Pathway:                           

Students who wish to undertake Mathematical Methods and/or Specialist Mathematics in VCE are strongly advised to select and undertake Maths Methods.

Special requirements:  

Participation in this course is dependent on performance in Year 9 Mathematics.  Students may be required to undertake a selection examination.

Science

Course Description:       

Year 10 science gives students the opportunity to further develop their scientific skills in predicting outcomes, testing ideas, solving problems, thinking critically and developing evidence-based conclusions.  Students learn about global concepts and processes in Biology, Psychology, Chemistry and Physics.  They develop practices to learn about scientific knowledge, as well as an understanding of science’s contribution to our culture and society, and its applications in our lives. 

Year 10 science students explore four different streams of science focusing on aspects of Biology, Psychology, Chemistry and Physics.  This learning allows students to develop scientific awareness and skills necessary to participate actively in everyday life, as well as exposing them to the key sciences studied at VCE.

Assessment:                    

All Science courses use the following methods of assessment:

Extended experimental investigation presented as a scientific poster

Practical experiments and write-ups

Research assignments

Topic tests

Semester examinations

Futures

Course Description:      

This course will be studied by all Year 10 students for the whole year.  The topics covered will examine the nature of the Australian workforce, a range of post-school options related to career choice, and the role of government in Australia.

The course will also provide training in a variety of areas including applying for a job, interview skills, goal-setting, time management, study skills, test taking, and developing healthy relationships with peers and adults.

During the year, students  can undertake a work experience placement, Industry visits and the opportunity to work in the community on a voluntary basis. They research work-related practices throughout this unit.

Assessment:                     

This subject uses the following methods of assessment:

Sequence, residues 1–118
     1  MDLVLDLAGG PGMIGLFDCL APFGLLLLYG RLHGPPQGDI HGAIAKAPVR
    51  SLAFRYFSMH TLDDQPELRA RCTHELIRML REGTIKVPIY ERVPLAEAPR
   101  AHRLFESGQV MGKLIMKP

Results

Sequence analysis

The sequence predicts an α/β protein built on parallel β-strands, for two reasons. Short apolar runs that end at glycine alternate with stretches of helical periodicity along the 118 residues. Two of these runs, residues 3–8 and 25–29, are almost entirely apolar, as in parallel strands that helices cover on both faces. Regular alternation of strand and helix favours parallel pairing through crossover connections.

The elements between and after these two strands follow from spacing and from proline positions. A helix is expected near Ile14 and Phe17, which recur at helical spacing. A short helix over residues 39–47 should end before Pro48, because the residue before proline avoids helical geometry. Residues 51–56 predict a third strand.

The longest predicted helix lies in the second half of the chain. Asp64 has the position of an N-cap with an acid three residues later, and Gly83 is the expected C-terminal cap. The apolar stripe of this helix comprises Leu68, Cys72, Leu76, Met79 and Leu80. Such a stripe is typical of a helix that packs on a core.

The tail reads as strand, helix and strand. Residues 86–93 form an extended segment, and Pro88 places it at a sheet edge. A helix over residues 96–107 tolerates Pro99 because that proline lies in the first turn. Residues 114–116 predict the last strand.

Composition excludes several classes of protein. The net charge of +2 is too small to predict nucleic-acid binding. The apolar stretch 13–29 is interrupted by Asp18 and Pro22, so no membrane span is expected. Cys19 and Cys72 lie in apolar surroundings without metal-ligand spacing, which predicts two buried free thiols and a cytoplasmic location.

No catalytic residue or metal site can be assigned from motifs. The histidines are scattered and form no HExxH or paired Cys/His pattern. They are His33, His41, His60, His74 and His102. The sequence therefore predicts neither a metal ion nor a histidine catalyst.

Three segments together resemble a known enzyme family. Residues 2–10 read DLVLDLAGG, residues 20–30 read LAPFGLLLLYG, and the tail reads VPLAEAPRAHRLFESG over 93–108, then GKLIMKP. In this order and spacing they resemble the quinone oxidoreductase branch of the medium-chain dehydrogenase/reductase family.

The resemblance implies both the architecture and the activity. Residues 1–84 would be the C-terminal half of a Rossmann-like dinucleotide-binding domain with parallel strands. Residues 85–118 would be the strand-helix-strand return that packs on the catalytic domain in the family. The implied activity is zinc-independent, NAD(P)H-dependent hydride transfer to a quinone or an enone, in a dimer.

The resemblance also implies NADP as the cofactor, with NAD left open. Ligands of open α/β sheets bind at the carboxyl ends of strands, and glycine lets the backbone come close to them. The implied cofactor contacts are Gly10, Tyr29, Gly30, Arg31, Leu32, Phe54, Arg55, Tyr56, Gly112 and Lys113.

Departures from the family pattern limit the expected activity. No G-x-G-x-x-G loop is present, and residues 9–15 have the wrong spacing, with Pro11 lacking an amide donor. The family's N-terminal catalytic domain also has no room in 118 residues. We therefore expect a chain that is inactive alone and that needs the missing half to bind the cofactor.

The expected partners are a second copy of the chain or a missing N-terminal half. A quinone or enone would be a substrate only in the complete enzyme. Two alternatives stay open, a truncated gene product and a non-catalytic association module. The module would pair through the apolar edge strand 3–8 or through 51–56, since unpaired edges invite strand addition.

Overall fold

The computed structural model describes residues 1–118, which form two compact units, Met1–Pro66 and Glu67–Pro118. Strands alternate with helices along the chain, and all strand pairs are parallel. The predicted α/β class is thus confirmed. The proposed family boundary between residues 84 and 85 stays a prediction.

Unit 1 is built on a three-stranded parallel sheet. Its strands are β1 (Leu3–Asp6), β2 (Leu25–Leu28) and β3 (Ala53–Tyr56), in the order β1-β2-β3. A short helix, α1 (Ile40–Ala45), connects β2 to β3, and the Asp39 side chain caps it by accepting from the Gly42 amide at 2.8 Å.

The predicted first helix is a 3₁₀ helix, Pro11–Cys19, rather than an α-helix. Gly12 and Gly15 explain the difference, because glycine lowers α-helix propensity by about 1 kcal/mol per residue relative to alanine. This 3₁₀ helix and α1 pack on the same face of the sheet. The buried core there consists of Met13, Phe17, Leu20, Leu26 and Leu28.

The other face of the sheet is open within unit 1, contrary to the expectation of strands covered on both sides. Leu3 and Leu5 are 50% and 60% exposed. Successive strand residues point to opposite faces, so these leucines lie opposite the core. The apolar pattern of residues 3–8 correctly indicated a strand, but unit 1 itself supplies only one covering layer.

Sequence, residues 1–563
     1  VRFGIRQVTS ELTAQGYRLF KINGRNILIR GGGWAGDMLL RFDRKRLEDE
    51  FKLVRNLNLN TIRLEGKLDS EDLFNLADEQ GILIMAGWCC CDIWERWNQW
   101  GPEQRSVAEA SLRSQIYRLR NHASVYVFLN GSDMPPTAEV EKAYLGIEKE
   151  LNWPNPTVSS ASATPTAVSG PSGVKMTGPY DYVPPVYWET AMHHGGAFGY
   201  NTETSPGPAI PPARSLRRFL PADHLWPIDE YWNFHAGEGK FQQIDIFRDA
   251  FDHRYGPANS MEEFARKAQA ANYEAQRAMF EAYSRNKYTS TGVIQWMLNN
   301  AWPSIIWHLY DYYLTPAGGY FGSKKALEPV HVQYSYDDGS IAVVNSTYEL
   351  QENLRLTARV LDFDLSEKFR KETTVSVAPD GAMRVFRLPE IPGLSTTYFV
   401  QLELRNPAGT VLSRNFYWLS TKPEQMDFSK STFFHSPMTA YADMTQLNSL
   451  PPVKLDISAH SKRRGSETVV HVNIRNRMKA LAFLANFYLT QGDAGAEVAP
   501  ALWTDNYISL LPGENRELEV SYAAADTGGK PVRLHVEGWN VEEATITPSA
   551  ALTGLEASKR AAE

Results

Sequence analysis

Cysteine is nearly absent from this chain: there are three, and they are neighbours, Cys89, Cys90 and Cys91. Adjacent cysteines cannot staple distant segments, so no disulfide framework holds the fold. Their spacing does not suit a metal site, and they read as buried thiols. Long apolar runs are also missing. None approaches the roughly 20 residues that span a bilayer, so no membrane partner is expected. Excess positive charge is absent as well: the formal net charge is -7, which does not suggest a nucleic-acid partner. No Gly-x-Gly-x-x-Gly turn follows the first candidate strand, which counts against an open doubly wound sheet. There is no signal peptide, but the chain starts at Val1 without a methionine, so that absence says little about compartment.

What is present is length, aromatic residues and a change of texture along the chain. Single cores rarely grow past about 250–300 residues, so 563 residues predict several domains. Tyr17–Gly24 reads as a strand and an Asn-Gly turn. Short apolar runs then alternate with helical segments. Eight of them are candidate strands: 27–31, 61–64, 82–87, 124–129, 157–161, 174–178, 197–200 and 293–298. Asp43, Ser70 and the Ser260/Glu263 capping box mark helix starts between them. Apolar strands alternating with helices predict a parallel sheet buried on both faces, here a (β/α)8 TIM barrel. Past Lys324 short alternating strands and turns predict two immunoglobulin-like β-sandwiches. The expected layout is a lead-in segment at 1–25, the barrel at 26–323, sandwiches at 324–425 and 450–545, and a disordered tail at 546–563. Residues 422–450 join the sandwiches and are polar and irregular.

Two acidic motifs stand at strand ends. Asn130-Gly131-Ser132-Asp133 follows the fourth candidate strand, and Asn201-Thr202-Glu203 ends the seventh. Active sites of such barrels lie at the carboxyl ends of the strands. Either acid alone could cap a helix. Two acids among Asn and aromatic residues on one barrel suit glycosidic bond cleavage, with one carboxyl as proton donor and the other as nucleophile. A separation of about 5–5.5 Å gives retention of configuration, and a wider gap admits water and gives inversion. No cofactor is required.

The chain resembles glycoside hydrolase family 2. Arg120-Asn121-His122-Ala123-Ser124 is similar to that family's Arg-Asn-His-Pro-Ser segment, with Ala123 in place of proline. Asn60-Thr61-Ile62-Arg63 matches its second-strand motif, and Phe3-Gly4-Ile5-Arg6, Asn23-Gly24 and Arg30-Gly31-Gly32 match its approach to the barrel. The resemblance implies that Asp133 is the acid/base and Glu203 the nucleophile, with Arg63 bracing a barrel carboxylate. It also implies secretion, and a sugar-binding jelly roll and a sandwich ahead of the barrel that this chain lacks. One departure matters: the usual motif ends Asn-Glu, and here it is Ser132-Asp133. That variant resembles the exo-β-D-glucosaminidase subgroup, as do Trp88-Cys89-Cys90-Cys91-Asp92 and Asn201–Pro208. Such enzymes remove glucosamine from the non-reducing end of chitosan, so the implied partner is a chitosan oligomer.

Goal Setting

Career Portfolio

Occupational Health and Safety Certificate

Class Presentations

Year 10 Electives

Curriculum Structure

Year 10 students will study 14 semester units during the year i.e. 7 units per semester, subject to the following requirements:

ALL Year 10 units are taught for 6 periods per fortnight except English and Mathematics (7 each) and Futures (2).

Students may choose a MAXIMUM of two electives  from any Domain area

Subjects offered by Domain Area

ENGLISH

English Literature

Writer's Workshop

 

HEALTH & PHYSICAL EDUCATION

Physical Education

Sport Education

Health Education

 

HUMANITIES         

Geography

History 

Accounting & Business Management

Legal Studies & Economics

Global Conflict and Crises

 

LANGUAGES                  

Selecting a Language is optional at Year 10.

Students wanting to study a Language should choose a sequence of two units.

French 1 and French 2.

 

LEADERSHIP AND PEER SUPPORT

Students wishing to participate in the Peer Support Program will be required to submit an application form and attend an interview. This unit will be the equivalent of one elective selection.

 

PERFORMING ARTS

Drama

Music

Theatre Studies

                                                                          

TECHNOLOGIES          

Design & Technology (Computing)

Design, Coding and Robotics

Hospitality

Design & Technology (Food)

Design & Technology (Metal/Acrylic)

Design & Technology (Wood)

 

VISUAL ARTS

Art

Photography

Visual Communication Design

 

 

Year 10 - English Electives

English Literature

Course Description:       

This elective involves analysis and discussion of a range of novels, plays, poetry and films.

Assessment:                              

This subject uses the following methods of assessment:

Essays 

Oral Presentations

Comprehension questions

Text Responses